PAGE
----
The New England Patriots and the Philadelphia Eagles face off Sunday at the LEED Gold-certified US Bank Stadium in Minneapolis for Super Bowl LII. But how do the teams’ home stadiums stack up environmentally? Let’s find out.
Home of the New England Patriots, Gillette Stadium began welcoming fans in 2002, replacing the old Foxborough Stadium in Massachusetts. The Kraft Group privately financed construction for $325 million and ISO 14001-certified Skanska USA Building Inc. won the contract.
The stadium project had multi-stakeholder involvement in order to achieve a sustainable building, both in its construction and operation, according to a Skanska case study sustainability from May 2008.
- Restoration of a diverted river to a free-flowing natural river bed seeded with flora to attract wildlife
- During construction, over 130,000 cubic yards of blasted open rock was processed and reused on the site
- A wastewater system with an onsite wastewater treatment facility that reuses graywater for thousands of toilets in the building, saving millions of gallons of water each year
- Energy-efficient hand dryers replaced paper towels for the stadium’s bathrooms in 2009, saving nearly 6.3 million paper towels and more than $50,000 annually, according to Excel Dryer
- Timing devices in the electrical distribution system that automatically shut down non-essential lighting after hours
The 1.3 million-square-foot area Patriot Place, which includes a hotel, restaurants, and shopping, opened adjacent to the stadium in the fall of 2008. A megawatt solar installation currently provides 60% of Patriot Place’s electricity with an annual output of 1.1 million kilowatt hours, according to the Kraft Group.
In the second quarter of 2017, Patriot Place conserved: 206,694 kWh of electricity, 571 mature trees, 332,920 gallons of water, 477 cubic yards of landfill airspace, and 232 metric tons of GHG emissions.
Lincoln Financial Field
Lincoln Financial Field, home of the Philadelphia Eagles, opened in Philadelphia in 2003, replacing Veterans Stadium. Construction cost $520 million at the time and environmental considerations were there from the start. Eagles owner Jeffrey Lurie and his wife Christina Weiss Lurie established the Go Green sustainability program in collaboration with the Natural Resources Defense Council in 2003. What began as a push to increase desk-side recycling has evolved into an all-encompassing environmental strategy across the team’s operations.
- 100% of the team’s operations are powered by renewables, including 11,108 solar panels and 14 wind turbines installed around the field that produce 4 MW annually
- The team installed a biodigester to decompose pre-consumer food waste that can process 330 pounds daily
- Every year the Eagles recycle more than 850 tons of material from the stadium
- Converted to 100% post-consumer recycled paper, savings of 10 tons of paper annually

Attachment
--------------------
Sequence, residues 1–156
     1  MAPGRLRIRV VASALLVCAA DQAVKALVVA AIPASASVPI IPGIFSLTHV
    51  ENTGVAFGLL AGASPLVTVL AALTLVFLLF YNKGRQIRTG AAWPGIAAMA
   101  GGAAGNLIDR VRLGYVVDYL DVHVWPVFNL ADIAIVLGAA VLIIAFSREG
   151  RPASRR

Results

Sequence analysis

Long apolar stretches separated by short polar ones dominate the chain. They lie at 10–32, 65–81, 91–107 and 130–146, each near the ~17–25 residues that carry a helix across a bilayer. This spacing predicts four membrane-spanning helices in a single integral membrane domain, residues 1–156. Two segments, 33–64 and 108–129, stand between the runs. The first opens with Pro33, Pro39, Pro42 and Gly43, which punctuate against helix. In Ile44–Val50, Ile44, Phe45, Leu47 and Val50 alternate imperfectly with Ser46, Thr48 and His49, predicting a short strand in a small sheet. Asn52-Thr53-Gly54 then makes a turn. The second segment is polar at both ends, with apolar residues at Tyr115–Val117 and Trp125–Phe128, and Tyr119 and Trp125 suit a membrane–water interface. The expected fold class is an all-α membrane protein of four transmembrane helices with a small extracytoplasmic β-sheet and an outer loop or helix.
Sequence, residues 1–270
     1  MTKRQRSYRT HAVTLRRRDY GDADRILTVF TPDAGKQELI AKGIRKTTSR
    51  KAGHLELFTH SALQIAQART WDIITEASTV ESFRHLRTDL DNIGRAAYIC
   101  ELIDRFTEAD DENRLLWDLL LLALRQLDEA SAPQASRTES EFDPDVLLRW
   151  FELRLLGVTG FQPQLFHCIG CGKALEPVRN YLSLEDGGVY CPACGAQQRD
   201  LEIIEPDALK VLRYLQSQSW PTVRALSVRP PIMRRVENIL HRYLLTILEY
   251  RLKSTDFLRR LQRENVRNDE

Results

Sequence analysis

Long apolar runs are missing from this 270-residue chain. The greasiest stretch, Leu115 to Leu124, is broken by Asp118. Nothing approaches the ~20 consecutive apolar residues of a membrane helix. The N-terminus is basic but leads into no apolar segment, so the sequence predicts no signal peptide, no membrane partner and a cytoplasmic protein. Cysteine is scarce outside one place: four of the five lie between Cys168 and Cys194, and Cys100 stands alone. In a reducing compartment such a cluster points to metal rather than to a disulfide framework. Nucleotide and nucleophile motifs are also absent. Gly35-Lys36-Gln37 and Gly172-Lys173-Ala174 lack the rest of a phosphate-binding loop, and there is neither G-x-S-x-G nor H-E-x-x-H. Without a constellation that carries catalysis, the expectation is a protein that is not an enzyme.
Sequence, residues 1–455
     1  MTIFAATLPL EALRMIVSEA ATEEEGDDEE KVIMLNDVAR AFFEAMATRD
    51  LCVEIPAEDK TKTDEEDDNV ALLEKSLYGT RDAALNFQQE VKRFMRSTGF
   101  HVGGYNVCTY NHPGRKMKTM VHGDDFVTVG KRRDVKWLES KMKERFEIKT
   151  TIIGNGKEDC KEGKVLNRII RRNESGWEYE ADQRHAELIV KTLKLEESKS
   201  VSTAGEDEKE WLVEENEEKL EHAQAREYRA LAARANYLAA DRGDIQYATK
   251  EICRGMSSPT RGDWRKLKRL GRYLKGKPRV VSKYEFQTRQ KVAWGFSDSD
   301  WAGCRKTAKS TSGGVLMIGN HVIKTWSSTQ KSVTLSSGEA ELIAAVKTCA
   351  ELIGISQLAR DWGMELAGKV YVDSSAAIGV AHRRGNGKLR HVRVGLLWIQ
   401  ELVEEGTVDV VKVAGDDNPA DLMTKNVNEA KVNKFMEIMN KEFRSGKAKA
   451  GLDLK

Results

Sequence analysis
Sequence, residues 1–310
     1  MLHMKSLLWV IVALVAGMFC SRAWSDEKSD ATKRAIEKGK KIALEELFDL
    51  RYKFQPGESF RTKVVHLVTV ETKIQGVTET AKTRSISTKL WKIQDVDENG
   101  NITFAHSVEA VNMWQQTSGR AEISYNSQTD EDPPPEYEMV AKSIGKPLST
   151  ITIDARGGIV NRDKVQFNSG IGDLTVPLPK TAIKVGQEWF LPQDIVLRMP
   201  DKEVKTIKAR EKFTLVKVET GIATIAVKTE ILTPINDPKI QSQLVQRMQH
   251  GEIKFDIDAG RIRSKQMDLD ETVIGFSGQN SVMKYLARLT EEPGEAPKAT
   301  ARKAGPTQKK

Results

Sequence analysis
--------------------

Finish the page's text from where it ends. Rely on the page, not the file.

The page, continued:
- More than 99% of the waste generated at the stadium is diverted from landfills
- Invested in Orbio technology to produce a nontoxic cleaning and de-greasing agent from salt, reclaimed water, and electricity rather than using chemicals
- Installed aerators that cut urinal water use in half
- All of the Eagles’ RFPs mandate that vendors propose green-certified materials as standards, NRDC noted
“The grass clippings from the field are composted. Old cooking oil and grease are converted into biodiesel, which is brought back to power the stadium’s lawn mowers. Leftovers from the kitchen are donated to local shelters, and food waste is composted,” the Los Angeles Times reported in 2011. “If the team replaces a carpet, the contractor must explain how the old carpet will be recycled and specify how much recycled material is in the new one.”
Meeting in Minneapolis
The Pats and the Eagles meet at the LEED Gold-certified US Bank Stadium in Minneapolis, home of the Minnesota Vikings. The $1.1 billion stadium, which opened in 2016, has several environmental features.
LED sports lighting throughout consumes 75% less electricity than traditional metal halide lighting, as the Vikings point out. A sloped roof made from transparent ethylene tetrafluoroethyl (ETFE) reduces the need for daytime artificial lighting, provides passive solar heating, and acts like a natural snow melt system. However, one serious downside of the stadium’s exterior glass paneling has been a number of bird deaths, which prompted a three-year scientific study set to be released in 2019.
Other environmental aspects of the stadium include a reduction in the amount of steel required for construction, an emphasis on healthy cleaning products, renewable energy credits, and a sustainability program aiming for zero waste. For the Super Bowl, US Bank Stadium and the Minnesota Sports Facilities Authority are collaborating with the NFL, PepsiCo, and Aramark on a waste reduction effort called Rush2Recycle.
“We are proud that we will be the first Super Bowl to reach zero waste,” a Minnesota Sports Facilities Authority spokesperson told Environmental Leader. “This transition has taken planning, time, and significant commitment and hard work.”
The 3rd Annual Environmental Leader & Energy Manager Conference takes place May 15 – 17, 2018 in Denver. Learn more here.